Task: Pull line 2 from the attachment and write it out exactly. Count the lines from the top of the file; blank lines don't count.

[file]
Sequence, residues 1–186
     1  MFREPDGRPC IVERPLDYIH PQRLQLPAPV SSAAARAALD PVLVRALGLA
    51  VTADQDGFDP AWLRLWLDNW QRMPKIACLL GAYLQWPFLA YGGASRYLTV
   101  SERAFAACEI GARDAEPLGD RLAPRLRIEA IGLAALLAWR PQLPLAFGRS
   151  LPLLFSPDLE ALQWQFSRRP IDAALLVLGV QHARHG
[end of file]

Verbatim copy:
     1  MFREPDGRPC IVERPLDYIH PQRLQLPAPV SSAAARAALD PVLVRALGLA